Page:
When we launched our “Rescheduled Education” series a week ago, we had hoped it would start a conversation about the growing trend of four-day education in Idaho.
That conversation has been passionate but respectful. We have heard from dozens of readers with strong feelings about four-day schools — supporters and skeptics alike.
“Even if we received more state money, I don’t think we would consider going back to a five-day week,” said Brian Esplin, a trustee in the Firth School District, which uses a four-day calendar.
“My kids attend a charter school in Kootenai County and have a four-day school week. They love it. We love it. It might not be a great fit for every district and every student, but in this scenario it works,” said Taryn Thompson, whose children attend the North Idaho STEM charter school in Rathdrum.
“Definitely not a fan of experimenting with Idaho’s children!” said Tiffany Harris Jenkins, a special education teacher from Driggs. “Instead of this approach, let’s put pressure on Idaho’s elected officials and require that they fund education and put Idaho’s children first!”
One exchange focused on college readiness, a key question surrounding all of Idaho education. Boise resident Sue Lovelace followed up on a data point from the second day of the four-day schools series — SAT scores that lagged well below the College Board’s college readiness benchmark.
“Why aren’t these schools able to prepare these students to be ready for college? Maybe part of the problem is the limited number of days they go to school each year. If I lived in one of these towns, I’d want to know the answer to that.”
In response, Cambridge High School teacher Jodie Lanting Mink pointed to the school’s recent numbers: Nine students graduated in 2015, and seven have continued their education.
As I researched the series, I was surprised at how Idaho’s four-day school phenomenon has gone virtually unnoticed. One prominent education stakeholder — no stranger to Statehouse education meetings — was flabbergasted when I mentioned that Idaho now has 43 four-day districts, a number that quadrupled with the onset of the Great Recession.
The misunderstandings about four-day schools extended to policy. During an interview, Idaho Education Association President Penni Cyr said the four-day calendar would affect teacher pensions, since vesting in the Public Retirement System of Idaho hinged on contract days. PERSI said this wasn’t the case. When I followed up with IEA spokesman Dave Harbison, he said the four-day schedule does not affect teacher pensions.
“It is fair to say that there have been concerns raised by teachers in districts that have gone from a five-day schedule to a four-day schedule, but PERSI has worked directly with those individuals and it appears that any issues have been satisfactorily resolved,” he said.
As we joined forces with Idaho Public Television on this series, one theme emerged. The number of students in four-day schools has proliferated over the past few years — but state officials have done little to try to determine whether the change is helping or hindering student growth. That point wasn’t lost on Steve Smylie, a Boise teacher and former state legislator, who narrowly lost in the 2006 GOP primary for state schools superintendent.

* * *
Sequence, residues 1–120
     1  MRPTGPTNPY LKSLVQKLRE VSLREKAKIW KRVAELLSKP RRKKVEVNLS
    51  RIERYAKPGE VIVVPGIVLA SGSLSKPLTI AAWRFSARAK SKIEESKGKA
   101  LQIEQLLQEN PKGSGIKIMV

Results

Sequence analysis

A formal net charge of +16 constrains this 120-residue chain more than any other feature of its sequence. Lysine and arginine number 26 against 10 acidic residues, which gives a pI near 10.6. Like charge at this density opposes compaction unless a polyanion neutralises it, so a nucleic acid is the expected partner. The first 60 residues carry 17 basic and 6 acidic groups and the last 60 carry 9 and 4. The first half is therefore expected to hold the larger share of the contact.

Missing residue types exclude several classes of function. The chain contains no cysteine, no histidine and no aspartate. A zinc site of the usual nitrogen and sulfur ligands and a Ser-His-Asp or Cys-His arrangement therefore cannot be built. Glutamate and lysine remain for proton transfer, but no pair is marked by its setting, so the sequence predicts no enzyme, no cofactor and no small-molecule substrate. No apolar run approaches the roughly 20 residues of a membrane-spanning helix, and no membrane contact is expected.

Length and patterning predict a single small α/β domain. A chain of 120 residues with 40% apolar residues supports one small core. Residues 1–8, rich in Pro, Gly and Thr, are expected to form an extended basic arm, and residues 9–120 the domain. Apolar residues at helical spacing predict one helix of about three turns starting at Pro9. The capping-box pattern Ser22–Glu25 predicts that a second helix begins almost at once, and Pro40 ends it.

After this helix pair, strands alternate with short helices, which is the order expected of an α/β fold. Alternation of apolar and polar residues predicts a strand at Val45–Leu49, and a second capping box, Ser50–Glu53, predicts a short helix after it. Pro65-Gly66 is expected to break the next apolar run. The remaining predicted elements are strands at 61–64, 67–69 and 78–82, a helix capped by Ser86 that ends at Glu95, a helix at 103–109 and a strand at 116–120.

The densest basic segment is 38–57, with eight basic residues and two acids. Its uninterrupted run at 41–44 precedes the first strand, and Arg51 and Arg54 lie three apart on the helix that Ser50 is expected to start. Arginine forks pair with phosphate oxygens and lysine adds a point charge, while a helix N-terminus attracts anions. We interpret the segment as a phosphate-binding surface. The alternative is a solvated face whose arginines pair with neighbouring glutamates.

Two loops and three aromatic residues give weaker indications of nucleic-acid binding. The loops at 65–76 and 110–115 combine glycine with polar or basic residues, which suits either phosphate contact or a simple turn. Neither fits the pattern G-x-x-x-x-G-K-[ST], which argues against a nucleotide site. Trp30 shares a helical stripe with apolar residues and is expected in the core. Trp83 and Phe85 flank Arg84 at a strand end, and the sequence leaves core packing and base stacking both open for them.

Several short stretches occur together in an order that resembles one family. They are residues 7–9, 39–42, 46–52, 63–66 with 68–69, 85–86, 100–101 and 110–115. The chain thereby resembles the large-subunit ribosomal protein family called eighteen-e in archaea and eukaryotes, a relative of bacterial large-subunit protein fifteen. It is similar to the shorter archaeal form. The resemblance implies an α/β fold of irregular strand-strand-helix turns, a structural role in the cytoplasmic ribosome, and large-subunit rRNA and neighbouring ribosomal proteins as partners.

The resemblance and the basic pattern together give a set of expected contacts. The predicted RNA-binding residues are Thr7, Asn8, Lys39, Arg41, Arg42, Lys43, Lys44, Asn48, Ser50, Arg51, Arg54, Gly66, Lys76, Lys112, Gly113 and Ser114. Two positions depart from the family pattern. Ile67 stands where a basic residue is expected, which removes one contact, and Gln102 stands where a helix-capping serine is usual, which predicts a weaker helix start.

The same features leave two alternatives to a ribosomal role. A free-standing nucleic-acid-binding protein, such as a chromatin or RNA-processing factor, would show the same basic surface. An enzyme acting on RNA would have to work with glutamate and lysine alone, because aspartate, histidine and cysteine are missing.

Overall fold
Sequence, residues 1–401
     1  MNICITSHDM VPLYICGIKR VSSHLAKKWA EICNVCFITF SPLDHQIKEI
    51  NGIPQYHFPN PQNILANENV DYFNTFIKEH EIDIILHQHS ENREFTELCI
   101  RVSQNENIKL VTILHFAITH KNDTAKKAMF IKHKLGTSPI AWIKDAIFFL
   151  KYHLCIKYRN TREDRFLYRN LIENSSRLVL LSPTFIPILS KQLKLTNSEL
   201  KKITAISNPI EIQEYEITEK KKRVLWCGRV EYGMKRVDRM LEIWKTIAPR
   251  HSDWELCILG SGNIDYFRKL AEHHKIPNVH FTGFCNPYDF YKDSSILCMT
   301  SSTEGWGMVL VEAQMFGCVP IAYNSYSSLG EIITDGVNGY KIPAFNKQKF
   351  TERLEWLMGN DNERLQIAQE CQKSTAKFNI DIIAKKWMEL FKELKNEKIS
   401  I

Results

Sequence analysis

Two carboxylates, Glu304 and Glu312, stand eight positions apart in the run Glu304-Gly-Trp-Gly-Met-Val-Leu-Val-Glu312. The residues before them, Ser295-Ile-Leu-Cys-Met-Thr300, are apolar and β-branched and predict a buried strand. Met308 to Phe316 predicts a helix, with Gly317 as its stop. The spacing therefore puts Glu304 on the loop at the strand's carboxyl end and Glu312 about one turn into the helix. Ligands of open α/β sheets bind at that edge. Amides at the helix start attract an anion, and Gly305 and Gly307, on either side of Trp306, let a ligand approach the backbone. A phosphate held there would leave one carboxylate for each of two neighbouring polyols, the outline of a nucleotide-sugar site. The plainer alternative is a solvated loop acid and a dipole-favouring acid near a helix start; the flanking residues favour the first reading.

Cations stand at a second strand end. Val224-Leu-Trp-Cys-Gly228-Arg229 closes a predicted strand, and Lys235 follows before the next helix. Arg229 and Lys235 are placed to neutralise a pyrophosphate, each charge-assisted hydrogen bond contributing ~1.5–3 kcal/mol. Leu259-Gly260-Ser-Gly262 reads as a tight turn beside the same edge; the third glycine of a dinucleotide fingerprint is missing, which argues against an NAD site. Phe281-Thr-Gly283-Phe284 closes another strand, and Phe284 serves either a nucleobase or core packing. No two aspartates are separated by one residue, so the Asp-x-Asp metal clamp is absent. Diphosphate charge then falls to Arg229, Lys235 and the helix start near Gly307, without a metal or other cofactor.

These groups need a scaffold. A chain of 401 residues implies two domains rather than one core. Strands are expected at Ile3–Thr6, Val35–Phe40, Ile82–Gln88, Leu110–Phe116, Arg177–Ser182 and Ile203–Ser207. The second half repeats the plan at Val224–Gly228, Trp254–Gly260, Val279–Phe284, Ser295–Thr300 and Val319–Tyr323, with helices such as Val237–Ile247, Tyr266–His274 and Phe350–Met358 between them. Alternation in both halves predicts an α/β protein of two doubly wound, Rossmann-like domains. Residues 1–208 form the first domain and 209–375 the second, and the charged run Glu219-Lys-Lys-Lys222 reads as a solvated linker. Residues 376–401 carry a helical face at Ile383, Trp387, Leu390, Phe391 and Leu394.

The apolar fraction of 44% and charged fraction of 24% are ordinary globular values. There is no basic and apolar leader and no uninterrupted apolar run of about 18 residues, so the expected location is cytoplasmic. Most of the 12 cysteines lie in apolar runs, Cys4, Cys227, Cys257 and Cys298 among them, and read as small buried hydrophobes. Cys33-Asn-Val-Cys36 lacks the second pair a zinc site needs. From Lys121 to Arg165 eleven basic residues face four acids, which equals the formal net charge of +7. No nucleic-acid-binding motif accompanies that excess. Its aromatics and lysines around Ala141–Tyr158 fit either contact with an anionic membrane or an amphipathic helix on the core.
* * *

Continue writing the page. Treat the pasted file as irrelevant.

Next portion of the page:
“It troubles me that so much of ‘education reform’ is fly-by-the-seat-of-your-pants experimentation,” he said. “So often, we confuse gimmicks with actual progress.”
Not everyone was happy with our series. Some commenters decried the lack of hard data about academic performance in the four-day schools.
I share that concern. As a journalist, I had hoped to answer the most important question surrounding four-day schools: the effect (if any) on student achievement. It was frustrating to find no data that would fully answer this question — and a paucity of national research on the four-day calendar. If that frustrates me as a reporter, it certainly helps me understand the dilemma facing school administrators, who have to consider the merits of a four-day schedule in a research vacuum.
A few commenters criticized the tone of the series. “I feel as though there was a bias against the four-day school week for whatever reason prior to the writing of this series,” said Michelle Peterson, a Mackay teacher I interviewed for the project.
We went into this series with no agenda, except to try to take a deep, thoughtful look at a dramatic change in the education delivery model. We tried to look at every aspect of the debate — from academics to finances to community impacts — as carefully and fairly as we could.
We believed, and believe, these issues merit serious discussion.
During our trip to Preston — to talk to people on both sides of the district’s recent four-day schools decision — Idaho Public TV producer Seth Ogilvie and I were struck by the tone of the debate. Everyone we interviewed had strong opinions about the four-day calendar, which was upheld Wednesday. The tone of the discussion was unfailingly civil.
We have hosted a similar conversation over the past week. I hope it continues.